Dj Gioumanne is back. The enigmatic dj behind last year’s ‘Afro Cosmic Club’ (listen here), a critically acclaimed mix compiling unheard African and Euro-Afro sounds of the early 1980s inspired by Italian Cosmic Disco deejays of the era, had forever been promising an update to his masterpiece. We finally got him to deliver a new mix live on air in the monthly African hip hop radio show at Red Light Radio.

‘Afro Cosmic Disco Funk’ has a different focus from its predecessor. While ‘Afro Cosmic Club’ balances between the analog and digital sounds of the early 80s, its follow-up sounds more raw with 70s afro disco, island funk and afrobeat obscurities, loosely mixed together and played out in their entirety. About one third of the tunes presented here are from the (African) diaspora worldwide, including Surinam, the former Dutch colony in South America, Guyana, Barbados and Haiti, but there’s plenty of bloodlines connecting the cuts on this mix.

Ungoogleable crates
Everything in these crates comes from original vinyl in Gioumanne’s collection (ripped to play in Serato) and most of the tracks are rarities, there are even six ‘ungoogleable’ records like Sunbust’s ‘Vijana’ (one of only a handful of psych-funk tracks ever recorded in Tanzania), two jams from the semi-acoustic second album of Congolese-Beninese outfit Les Ya Toupas du Zaire, a disco tune by the mysterious Hammatan, a track from the only album by the Godfathers (protegees of Osibisa) and a Haitian disco-kompa groover.

There’s a little bit of proto rap from Nigeria on the Super Doeths song (1985), the best song title ever (and sleeve) in ‘Chics & Chicken’ by Esbee Family, crazy kaseko synths on ‘Sik joe skien’, Congolese jerk recorded in Germany by Jam Kishy, and loads of crackle on the Afrofunk LP (which was reissued earlier this year, buy a copy!)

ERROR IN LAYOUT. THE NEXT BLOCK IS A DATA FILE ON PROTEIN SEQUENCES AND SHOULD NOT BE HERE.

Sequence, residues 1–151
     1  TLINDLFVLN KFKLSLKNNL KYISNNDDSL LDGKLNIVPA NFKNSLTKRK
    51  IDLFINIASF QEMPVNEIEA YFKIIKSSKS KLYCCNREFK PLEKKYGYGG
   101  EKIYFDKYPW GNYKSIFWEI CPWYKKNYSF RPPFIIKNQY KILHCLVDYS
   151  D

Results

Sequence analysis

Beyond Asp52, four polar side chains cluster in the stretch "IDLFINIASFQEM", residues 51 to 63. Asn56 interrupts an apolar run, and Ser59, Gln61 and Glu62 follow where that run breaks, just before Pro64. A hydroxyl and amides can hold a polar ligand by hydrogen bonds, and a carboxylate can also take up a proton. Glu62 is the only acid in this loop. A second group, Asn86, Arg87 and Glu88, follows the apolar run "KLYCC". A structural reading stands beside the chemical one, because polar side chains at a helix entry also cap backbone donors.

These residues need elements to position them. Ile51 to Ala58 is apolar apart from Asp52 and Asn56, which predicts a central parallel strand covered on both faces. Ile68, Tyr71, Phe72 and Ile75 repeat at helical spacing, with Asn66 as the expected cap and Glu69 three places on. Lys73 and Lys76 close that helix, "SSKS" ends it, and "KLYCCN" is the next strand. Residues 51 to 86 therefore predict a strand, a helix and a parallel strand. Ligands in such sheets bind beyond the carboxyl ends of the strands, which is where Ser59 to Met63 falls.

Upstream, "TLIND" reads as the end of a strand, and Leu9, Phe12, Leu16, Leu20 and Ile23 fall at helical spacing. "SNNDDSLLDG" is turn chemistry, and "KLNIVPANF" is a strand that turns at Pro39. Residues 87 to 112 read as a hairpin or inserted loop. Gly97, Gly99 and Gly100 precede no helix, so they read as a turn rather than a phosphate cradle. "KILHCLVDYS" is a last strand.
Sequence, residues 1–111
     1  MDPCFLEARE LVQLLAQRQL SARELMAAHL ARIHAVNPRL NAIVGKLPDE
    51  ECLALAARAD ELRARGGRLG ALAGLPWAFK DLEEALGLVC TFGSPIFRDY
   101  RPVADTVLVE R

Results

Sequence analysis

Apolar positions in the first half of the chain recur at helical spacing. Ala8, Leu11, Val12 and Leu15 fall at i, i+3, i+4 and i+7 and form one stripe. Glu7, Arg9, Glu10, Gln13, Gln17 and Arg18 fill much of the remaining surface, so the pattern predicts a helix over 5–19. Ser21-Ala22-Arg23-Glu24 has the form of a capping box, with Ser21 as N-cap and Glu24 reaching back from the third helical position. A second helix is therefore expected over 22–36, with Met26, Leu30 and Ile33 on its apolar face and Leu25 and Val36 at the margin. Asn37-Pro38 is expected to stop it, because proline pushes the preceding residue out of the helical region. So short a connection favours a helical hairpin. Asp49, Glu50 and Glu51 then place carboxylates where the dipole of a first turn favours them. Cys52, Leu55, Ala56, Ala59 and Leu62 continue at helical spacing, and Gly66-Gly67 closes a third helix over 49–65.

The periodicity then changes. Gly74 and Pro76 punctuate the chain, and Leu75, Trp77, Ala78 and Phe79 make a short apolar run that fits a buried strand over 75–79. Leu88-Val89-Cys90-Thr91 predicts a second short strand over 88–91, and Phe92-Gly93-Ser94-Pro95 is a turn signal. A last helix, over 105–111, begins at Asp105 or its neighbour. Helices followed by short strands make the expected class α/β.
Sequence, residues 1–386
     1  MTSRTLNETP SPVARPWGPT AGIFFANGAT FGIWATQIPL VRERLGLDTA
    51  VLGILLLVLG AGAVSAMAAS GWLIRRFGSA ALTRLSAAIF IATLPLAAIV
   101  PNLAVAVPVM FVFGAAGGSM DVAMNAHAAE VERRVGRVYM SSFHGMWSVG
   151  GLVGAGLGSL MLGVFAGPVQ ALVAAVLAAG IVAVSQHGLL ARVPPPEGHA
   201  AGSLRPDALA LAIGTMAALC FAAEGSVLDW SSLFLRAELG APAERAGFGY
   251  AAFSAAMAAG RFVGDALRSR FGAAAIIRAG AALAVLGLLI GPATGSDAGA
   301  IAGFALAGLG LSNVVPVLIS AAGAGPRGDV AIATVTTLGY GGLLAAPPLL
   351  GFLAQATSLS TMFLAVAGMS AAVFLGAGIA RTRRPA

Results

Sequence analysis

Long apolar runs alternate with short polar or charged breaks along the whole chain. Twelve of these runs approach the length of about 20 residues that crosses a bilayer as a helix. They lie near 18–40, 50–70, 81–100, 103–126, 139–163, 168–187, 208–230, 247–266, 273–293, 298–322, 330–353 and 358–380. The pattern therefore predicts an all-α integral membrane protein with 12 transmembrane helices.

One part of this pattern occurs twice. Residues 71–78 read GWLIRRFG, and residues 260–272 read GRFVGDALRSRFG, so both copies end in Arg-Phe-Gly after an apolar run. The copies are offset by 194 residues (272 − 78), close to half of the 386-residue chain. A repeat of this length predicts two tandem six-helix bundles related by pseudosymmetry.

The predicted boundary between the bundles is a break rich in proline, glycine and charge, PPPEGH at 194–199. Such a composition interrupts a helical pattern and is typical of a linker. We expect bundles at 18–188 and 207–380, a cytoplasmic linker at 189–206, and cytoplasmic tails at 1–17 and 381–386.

Dedicated to the art of record digging and sampling in hip hop, here’s ‘Afro Cosmic Disco Funk’.

Stream the mix below.
Download (128 kb/s mp3) using this direct link (right-click and ‘save as…’).
Track list see towards the bottom of this page

Abdo – Ah ya zen (Egypt)
From the cradle of African science comes Abdo, who released a brilliant album called ‘Salma’ recorded in Sweden in the mid 70s with a mostly Swedish team including Björn Json Lindh who released some jazzfunk gems on his own. Their collabo was released in Sweden and France but is very hard to find nowadays. ‘Ah ya zen’ transforms from a semi traditional Egyptian melody into a heavy headnodding groove.

Ruth Koenders & Hugo Landolf – Boni doro (Surinam)
This song from the South American country of Surinam (a former Dutch colony) was recorded for the 3rd edition of Suripop, the national song festival. ‘Boni doro’ refers to the legend of Boni, leader of the Maroons (escaped slaves living in the inland of Surinam up to today) who fought the Dutch in the 18th century. Boni was finally captured and decapitated, but his head fell into the river, and the spot where this happened is called Boni Doro.

Young Ones of Guyana – Sing a simple song (Guyana)
From Surinam’s neighbouring country of Guyana comes this funk tune, a cover of a Sly Stone song from 1968, on an LP filled with calypso style jams. The LP containing ‘Sing a simple song’ is inexcusably expensive when it shows up online. This French release has a sleeve with a white lady dancing under a palm tree, and the group name hidden away in a corner, which makes one think the Young Ones were being marketed in France as exotic elevator music.

Afrofunk – Farewell to Ibusa (Ghana)
One of the best Ghanaian afrobeat records, the LP ‘Body music’ by Afrofunk was finally reissued earlier this year. We heard rumours that this band was somehow linked to the Funkees from Nigeria, not sure how much of that is true.